For 1 Year, 100 Movies, contributor/filmmaker Trey Hock is watching all of AFI’s 100 Years, 100 Movies list (compiled in 2007) in one year. His reactions to each film are recorded here twice a week until the year (and list) is up!
Sometimes you just need a break from all the war that AFI’s list can dish out. Luckily the next few films are all war free, and #35 couldn’t be a more welcomed film at the moment.
“Annie Hall” also has a quality to it that you see occasionally whenever a director, in this case Woody Allen, is building a significant body of work. This quality is a sense that this single film will forever change the way we see this director and their other work.
The films before “Annie Hall”, films like “Sleeper,” or “Bananas,” were built around the laugh or the joke. They were funny, but lacked substance. After “Annie Hall,” Allen’s films are still funny, but can drift into sentimentality or a constructed sincerity. At the fulcrum or pivot point in Allen’s developing career as a film director comes “Annie Hall,” and it is a perfect blend of genuinely funny mixed with sincere and heartwarming.
Narrated by Alvy Singer (Woody Allen), our charming neurotic middle-aged two-time divorcee, “Annie Hall” explores the difficulty of relationships. It shows us that they are never as bad as we thought they were, once we’ve broken up, nor are they as good as we think they will be, while we are in them. They are difficult and yet desirable. The narrated romantic comedy would become almost its own genre, inspiring films like “When Harry Met Sally” and more recently “(500) Days of Summer,” but this form takes its shape with “Annie Hall.”
At the center of “Annie Hall” is the relationship between Alvy and the wonderfully awkward titular character, Annie Hall (Diane Keaton). The film starts after the two are dating and already the everyday march of minor annoyances are encroaching in on them. Even when they try to do something as simple as see a movie, every little thing seems to come between them, from Annie’s “depression” to the overly loud and opinionated gentleman behind them in line.
Obviously “Annie Hall” won’t be short on laughs. Alvy’s reveal of Marshall McLuhan is a great moment, and this type of quirky play with the reality within the film keeps moments light and fresh, that would otherwise be awkward or troubling to watch.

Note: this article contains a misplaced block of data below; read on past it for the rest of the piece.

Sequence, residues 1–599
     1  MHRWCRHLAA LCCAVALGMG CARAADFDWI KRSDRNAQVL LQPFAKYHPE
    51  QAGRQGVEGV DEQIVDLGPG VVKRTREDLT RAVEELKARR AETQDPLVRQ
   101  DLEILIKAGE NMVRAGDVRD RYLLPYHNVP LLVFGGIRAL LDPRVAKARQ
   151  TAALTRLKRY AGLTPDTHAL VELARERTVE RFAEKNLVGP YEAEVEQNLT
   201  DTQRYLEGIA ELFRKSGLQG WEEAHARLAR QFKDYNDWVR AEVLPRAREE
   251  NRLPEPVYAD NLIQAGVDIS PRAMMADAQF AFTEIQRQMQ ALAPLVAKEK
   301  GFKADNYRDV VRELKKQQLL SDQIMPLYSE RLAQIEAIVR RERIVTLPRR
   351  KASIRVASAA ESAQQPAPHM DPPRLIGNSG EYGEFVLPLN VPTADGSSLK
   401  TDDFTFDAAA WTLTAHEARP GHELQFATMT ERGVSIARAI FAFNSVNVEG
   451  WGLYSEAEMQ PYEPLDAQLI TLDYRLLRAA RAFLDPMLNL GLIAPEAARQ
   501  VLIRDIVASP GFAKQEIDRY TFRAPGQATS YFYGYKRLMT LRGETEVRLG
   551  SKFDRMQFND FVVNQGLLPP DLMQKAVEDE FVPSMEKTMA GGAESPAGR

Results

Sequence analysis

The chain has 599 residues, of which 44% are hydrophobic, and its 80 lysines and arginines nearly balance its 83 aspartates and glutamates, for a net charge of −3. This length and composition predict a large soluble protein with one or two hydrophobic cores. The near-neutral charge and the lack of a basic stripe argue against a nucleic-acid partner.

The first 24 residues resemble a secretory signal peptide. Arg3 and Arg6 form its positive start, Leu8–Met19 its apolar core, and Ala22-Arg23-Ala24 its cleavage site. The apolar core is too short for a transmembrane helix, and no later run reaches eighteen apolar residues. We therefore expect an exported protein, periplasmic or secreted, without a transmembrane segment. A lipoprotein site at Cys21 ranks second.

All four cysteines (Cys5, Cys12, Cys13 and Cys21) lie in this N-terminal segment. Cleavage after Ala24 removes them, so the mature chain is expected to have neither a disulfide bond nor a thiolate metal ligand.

Alvy and Annie didn’t always have a stale and humdrum relationship. It used to be sweet and exciting. In this scene, we see the first conversation between the two of them and Annie’s endearing weirdness shines through.
Both Keaton and Allen’s performances are wonderful. They were friends in real life and the vibrancy and comfort of that real relationship shines through on screen. There are of course questions about the autobiographical nature of “Annie Hall,” but regardless, Allen and Keaton’s short-lived romance and enduring friendship are part of what makes “Annie Hall” so special. It was obviously noticed by the Academy since Allen won the Academy Award for Best Director and Keaton won the award for Best Actress.
But as with all relationships, even when we’re most in love, difficulties are just around the corner. (Sound starts a 3 seconds.)
The cracks in the foundation begin to form and grow. It’s only a matter of time until Alvy and Annie breakup, then get back together, then breakup again. Annie moves to Los Angeles to record an album, and Alvy in an impulsive moment of panic flies to LA to plead for her to return with him.
This moment is desperate and tragic, but still funny. Alvy’s need to crack wise about LA keeps the moment from drifting too far into the sentimental. Though we’d like a different ending we understand that Annie and Alvy can’t go back.
But we never remember our actual relationships as they really were. There are embellishments and mental augmentations to make them more wonderful or more tragic. Even Alvy indulges in this practice, but knowingly so.
So we have a play that embellishes a relationship in the film that is to a large extent an embellishment of a relationship that really existed. These multiple layers add a complexity that blurs the line between what’s real and fictional in a truly satisfying way.
And we have an ending that leaves us with the pleasant melancholy that comes from a chance lunch with a former boyfriend or girlfriend, as well as an incredible summation of the craziness of relationships and why we just can’t seem to live without them.
Most of us just need the eggs.
Up Next #34 “Snow White and the Seven Dwarfs” (1937)
For links to #40-49, click on 1 Year, 100 Movies #40 The Sound of Music (1965)
For links to #50-59, click on 1 Year, 100 Movies #50 The Lord of the Rings: Fellowship of the Ring (2001)
For links to #60 – 69, click on 1 Year, 100 Movies #60 Duck Soup (1933)
For links to #70 – 79, click on 1 Year, 100 Movies #70 A Clockwork Orange (1971)
For links to #80 – 89, click on 1 Year, 100 Movies #80 The Apartment (1960)
For links to #90 – 100, click on 1 Year, 100 Movies #90 Swing Time (1936)